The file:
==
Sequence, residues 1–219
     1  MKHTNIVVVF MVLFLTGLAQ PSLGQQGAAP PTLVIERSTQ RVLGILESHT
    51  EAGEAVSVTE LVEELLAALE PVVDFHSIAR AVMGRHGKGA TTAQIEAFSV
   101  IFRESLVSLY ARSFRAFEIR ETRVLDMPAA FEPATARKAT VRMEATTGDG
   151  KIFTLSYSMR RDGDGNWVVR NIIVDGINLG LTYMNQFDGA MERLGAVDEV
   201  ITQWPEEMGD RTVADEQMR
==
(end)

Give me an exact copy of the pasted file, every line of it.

Sequence, residues 1–219
     1  MKHTNIVVVF MVLFLTGLAQ PSLGQQGAAP PTLVIERSTQ RVLGILESHT
    51  EAGEAVSVTE LVEELLAALE PVVDFHSIAR AVMGRHGKGA TTAQIEAFSV
   101  IFRESLVSLY ARSFRAFEIR ETRVLDMPAA FEPATARKAT VRMEATTGDG
   151  KIFTLSYSMR RDGDGNWVVR NIIVDGINLG LTYMNQFDGA MERLGAVDEV
   201  ITQWPEEMGD RTVADEQMR